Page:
10.) Brainstorm. There might be a variety of solutions if everyone is focused on a positive outcome and engaged in the process. Challenge yourself and others to be creative about the possibilities available to you.

11.) Concentrate on what you can control. What should you take ownership of and fix? What falls under your sphere of influence? What impact will you have on the desired outcome? Learn to focus your attention and activities, where you can make a difference. Don't get caught up in areas beyond your control. You've got to learn to let go of those.

12.) Take action. Once you've arrived at a win-win solution, accept it and implement it. Don't second-guess. Make sure each person takes responsibility for agreeing with the decision and following through.

When we accept and understand conflict, we allow ourselves to grow, change, and to be empowered. Family may never resolve the fact you work in porn – that is their choice, but the decision or choice to accept or reject is a right they must have. Lying or withholding truth means you are attempting to control those around you. By manipulation you have created a world around you of friends that are false because they do not know the "true" you.

In admitting you do not want to tell anyone (family, girl/boy friends or friends) may suggest you have feelings of guilt or embarrassment in who are you are a person. Stating that they are simply not mature enough to handle the news is yet another way of controlling how they think of you and that you are not giving them the chance to grow and learn from the experience. This is how the world sees us, not because of what we do, but because they have no other information other than what Hollywood and movies tell them. Once they realize that their neighbor, brother, sister or friend works in porn and surprisingly isn't what the media makes us out to be – the change will begin.

Acknowledging that this is the direction and job category you want means you first have to accept within yourself that you work in Porn. You need to come to terms with it yourself so that you can share that knowledge with others in your family or friends on how you decided this path.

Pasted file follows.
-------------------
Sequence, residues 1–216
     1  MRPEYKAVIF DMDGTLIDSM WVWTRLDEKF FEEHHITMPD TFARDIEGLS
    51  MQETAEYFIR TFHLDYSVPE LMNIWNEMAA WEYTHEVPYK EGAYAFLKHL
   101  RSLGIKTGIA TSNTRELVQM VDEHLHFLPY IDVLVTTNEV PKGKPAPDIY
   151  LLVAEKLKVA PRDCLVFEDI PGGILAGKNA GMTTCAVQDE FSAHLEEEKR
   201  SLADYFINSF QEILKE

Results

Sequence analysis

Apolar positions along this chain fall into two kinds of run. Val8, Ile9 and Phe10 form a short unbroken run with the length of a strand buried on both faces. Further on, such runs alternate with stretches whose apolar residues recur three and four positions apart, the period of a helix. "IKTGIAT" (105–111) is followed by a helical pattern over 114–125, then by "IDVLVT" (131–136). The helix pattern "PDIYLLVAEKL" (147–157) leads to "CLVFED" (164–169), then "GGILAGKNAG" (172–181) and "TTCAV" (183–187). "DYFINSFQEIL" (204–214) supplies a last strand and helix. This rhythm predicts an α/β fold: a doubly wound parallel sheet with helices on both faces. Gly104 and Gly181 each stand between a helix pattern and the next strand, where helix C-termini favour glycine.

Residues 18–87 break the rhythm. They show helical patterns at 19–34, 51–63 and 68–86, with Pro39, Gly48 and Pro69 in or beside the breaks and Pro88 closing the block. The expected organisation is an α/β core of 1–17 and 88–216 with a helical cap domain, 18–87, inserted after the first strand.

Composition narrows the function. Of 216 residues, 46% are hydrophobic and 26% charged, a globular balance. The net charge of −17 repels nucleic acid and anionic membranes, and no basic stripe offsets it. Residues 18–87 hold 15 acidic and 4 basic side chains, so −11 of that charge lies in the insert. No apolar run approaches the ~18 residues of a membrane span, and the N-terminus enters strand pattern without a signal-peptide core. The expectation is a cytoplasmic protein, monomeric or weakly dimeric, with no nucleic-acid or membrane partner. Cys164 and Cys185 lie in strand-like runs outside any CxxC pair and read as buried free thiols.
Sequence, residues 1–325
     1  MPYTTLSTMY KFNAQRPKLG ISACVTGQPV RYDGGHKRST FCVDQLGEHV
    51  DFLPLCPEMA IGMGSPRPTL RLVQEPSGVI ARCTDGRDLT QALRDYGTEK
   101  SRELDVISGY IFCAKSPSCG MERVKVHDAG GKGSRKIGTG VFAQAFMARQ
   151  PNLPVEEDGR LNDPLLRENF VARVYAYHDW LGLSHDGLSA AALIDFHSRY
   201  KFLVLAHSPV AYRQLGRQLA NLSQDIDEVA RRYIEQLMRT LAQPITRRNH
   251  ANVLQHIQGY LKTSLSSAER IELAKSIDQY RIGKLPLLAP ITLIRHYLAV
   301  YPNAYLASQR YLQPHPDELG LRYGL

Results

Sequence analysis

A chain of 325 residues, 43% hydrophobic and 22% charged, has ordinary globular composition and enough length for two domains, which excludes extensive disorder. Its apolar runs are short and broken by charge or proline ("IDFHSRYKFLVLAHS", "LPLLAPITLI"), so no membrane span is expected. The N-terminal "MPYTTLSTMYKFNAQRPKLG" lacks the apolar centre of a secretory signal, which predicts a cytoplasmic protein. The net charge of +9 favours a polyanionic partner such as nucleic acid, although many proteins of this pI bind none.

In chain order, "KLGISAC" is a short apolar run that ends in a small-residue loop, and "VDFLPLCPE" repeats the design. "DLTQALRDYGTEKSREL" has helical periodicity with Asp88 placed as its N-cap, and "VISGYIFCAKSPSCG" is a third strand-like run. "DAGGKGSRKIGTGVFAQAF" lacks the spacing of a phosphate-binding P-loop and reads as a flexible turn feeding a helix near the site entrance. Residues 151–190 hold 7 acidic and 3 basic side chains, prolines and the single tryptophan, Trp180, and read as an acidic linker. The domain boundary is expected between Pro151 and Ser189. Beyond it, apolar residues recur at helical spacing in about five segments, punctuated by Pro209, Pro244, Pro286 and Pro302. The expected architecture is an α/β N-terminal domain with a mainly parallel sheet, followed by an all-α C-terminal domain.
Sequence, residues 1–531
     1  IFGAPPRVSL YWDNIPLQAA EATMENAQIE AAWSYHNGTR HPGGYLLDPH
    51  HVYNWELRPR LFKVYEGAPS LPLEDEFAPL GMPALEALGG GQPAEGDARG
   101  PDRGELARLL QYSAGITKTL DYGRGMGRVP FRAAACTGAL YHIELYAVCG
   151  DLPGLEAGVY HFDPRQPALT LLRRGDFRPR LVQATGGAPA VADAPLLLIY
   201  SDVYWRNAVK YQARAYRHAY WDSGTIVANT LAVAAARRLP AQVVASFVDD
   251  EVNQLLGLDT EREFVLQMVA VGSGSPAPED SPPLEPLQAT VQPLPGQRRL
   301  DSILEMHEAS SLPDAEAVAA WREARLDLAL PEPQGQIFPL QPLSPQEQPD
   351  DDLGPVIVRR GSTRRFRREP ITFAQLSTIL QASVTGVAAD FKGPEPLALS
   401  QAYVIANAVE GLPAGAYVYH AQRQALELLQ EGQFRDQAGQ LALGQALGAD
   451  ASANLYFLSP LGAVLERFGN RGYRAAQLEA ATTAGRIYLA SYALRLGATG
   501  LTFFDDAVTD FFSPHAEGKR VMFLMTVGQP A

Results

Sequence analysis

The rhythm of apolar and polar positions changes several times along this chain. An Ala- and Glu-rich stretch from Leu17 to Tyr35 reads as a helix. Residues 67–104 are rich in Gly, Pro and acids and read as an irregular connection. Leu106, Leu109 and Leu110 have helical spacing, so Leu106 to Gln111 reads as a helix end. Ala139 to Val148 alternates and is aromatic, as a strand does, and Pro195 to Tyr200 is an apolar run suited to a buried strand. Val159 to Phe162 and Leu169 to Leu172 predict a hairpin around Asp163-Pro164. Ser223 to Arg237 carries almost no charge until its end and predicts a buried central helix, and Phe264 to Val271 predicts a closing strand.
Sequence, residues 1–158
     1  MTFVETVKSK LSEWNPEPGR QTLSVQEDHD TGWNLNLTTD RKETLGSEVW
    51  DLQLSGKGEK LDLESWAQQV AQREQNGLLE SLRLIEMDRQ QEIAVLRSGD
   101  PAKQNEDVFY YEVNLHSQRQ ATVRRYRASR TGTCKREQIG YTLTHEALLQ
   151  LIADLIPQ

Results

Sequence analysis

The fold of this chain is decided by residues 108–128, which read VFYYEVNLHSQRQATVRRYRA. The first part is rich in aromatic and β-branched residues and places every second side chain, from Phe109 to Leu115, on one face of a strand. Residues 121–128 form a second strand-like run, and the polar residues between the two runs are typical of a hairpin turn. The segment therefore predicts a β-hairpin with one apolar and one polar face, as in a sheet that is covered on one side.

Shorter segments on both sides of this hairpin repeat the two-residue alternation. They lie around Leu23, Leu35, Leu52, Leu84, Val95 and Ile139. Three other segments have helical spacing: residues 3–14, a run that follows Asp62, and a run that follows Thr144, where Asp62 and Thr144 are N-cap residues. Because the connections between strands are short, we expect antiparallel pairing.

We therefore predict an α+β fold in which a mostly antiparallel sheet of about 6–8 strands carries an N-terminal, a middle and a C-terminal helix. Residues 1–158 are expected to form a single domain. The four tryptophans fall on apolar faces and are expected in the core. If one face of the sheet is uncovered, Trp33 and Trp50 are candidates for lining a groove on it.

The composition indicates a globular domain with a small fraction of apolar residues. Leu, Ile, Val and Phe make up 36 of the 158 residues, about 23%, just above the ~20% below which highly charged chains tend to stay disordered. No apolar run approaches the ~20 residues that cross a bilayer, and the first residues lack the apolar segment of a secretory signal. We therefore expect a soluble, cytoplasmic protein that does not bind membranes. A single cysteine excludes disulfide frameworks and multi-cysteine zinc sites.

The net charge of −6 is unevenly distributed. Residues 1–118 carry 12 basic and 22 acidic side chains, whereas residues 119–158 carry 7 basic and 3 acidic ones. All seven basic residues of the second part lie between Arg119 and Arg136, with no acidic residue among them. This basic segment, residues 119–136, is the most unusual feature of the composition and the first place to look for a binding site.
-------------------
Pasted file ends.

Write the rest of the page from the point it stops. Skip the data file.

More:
Those who have children around have a more difficult decision. I have found those within the industry are more strict when it comes to having any child know of their work – while others proudly walk through malls and stadiums with "Pornstar" or an adult webmaster T-shirt boldly showing their allegiance to a board or company. What that teaches me is this.

We do have a responsibility to each other and to those who look in on us – to train younger webmasters and those who work in the industry a more ethical and proper way of doing business. In addition as the world becomes more hostile towards the adult industry, we have a choice of joining together to train them, or simply scatter by fighting amongst ourselves. Military leaders will tell you that to win a war – divide and conquer is the best assault. Sadly, we are already doing it to ourselves. The adult industry is the only army I know of that shoots its own wounded. We attack one another on the boards, in person and to each other.

To accomplish victory of stress and conflict within the industry we have to follow the steps above on how to work together properly while presenting a unified front to the world. Shame and hostility have no place in anyone's life – family or otherwise.

After all this is a business, it is a billion dollar industry! We can easily make more money if we shift the attention from ourselves and back onto the content and strategies that made it successful from the beginning. Playboy's Hugh Hefner is a prime example of character under conflict. He showed himself as a "playboy" not as a "player."

Hugh's classy demeanor brought positive accolades worldwide. He was interviewed on talk shows, Johnny Carson, Jay Leno, etc. always showing respect for women, the industry and those working in it. He had no shame in what he did, instead he was proud. Those who disagreed were allowed, too, but never did he assault them. Rather, he left them to mature themselves if they wished too. His legacy was that it was not his concern that everyone loved him, but that he loved and respected everyone.

The conflicts arising merely from "egos, self-worth and greed" show a lack of concern for each other and the overall well being of the industry. Take a page from Hefner and the likes of him, who have grown old with the industry with class and resolve for who they are.